“I would like to believe when I die that I have given myself away like a tree that sows seed every spring and never counts the loss, because it is not loss, it is adding to future life. It is the tree’s way of being. Strongly rooted perhaps, but spilling out its treasure on the wind.” (May Sarton, 1912 – 1995)
Here is a beautiful quote I just read this morning and decided to share on this Holy Weekend. Some will read the quote as sad and others will feel significant hope and light. No two people will read the quote in the same way, just as no two will see the image of the tree above in the same way. Some will see a tree in late March or early April. Others will see a tree in early December. Some may only see the light of a dawn. And then there will be those who only see the heart of light in the middle. We see things as we need to and based on where we are in our own lives.
The root of TEAPOTS is that Sophia simply cannot accept that life seems to be going on as if her Memi, her beloved grandmother, never was a part of it. A 12-year-old girl screaming to have someone remember and pay attention…before it’s too late. Before everyone forgets. And of course, in TEAPOTS the reader sees that through the “little things” — the symbols Memi leaves for Sophia, that her part in her granddaughter’s life will always remain.
In many cultures and ethnicities for centuries there was, and for many still remains, a very significant and impactful ritual of being in mourning dress for a year after the passing of a loved one. For some, the dressing in black remained for the widow or mother for the rest of their lives. The symbolic reason was to hold in deepest memory and respect the person they loved so much. The black clothing symbolized to the outside world their feelings of loss and sadness and the impact of that loss. In today’s culture where and what are those symbols? Are there any left? How can a person show that they are still deeply hurting and sad? Very rarely in modern times do we see someone dressed in all black to represent a mourning period.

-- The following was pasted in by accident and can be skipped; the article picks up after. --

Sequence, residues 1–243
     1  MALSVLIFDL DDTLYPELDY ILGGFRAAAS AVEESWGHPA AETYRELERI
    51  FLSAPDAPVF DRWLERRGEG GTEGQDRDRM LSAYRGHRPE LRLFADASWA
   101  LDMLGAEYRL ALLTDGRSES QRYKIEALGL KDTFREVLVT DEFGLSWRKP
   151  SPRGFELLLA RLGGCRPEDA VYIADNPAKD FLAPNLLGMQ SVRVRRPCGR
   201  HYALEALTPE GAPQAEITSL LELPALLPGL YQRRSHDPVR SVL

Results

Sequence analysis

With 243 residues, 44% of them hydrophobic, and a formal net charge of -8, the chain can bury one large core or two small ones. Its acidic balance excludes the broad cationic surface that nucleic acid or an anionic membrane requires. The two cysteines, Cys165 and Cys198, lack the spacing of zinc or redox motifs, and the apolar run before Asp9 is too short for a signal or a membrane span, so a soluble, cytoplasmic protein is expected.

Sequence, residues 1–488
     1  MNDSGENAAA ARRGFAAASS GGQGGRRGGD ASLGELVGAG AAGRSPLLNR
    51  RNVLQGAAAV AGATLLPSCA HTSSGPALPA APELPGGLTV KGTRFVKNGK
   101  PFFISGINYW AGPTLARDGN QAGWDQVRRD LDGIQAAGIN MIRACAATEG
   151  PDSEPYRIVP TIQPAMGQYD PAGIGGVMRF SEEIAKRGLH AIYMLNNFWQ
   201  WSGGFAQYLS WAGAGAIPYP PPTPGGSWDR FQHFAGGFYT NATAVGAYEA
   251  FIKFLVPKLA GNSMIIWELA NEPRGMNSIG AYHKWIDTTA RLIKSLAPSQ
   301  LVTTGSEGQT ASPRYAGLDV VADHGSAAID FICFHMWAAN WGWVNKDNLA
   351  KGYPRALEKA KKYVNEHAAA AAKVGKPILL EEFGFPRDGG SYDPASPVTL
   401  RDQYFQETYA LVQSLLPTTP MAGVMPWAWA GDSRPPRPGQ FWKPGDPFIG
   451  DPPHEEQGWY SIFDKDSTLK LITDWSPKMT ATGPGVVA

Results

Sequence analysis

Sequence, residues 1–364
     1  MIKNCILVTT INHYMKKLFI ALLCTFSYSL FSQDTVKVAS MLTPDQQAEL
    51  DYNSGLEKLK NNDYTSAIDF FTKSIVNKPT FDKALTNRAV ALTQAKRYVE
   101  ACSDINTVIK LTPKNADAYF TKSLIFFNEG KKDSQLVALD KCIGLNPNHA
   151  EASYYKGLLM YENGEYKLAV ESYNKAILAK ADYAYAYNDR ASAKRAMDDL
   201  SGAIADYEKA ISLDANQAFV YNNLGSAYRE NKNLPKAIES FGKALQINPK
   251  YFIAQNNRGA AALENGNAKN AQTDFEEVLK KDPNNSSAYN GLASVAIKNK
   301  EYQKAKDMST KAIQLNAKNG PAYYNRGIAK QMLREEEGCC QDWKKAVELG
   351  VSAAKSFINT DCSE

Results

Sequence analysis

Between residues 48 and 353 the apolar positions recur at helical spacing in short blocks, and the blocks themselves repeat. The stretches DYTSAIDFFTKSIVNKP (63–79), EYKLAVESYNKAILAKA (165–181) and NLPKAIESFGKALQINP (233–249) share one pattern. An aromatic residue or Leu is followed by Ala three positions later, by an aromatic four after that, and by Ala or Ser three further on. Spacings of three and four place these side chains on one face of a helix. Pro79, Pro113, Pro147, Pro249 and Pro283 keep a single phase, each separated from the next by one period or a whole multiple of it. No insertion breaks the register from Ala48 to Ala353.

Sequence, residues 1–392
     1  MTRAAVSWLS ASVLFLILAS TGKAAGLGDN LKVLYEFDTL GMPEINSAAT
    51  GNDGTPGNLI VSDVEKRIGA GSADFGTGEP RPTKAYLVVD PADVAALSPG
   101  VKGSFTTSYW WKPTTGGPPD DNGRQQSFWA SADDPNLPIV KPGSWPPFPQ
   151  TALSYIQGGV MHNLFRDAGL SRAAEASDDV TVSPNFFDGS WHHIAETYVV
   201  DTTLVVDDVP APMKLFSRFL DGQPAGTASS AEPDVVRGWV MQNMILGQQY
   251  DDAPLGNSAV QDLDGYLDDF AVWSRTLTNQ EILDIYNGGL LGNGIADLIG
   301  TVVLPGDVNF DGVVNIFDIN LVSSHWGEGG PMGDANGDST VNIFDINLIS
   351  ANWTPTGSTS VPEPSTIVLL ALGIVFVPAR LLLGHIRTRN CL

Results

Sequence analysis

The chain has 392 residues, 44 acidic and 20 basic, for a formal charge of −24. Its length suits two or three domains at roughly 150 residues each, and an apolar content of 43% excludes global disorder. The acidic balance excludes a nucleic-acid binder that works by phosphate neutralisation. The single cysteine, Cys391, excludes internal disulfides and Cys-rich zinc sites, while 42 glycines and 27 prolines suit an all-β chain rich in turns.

What we miss in this fast pace life are the chances to stop and reflect. Most symbols of years ago have been diluted or evaporated altogether. We must hold on to what matters most and what helps a person through the passages in life. Most importantly, above anything else, is to teach our children that honoring tradition and the past is the very root to keeping the memory of someone we love alive forever.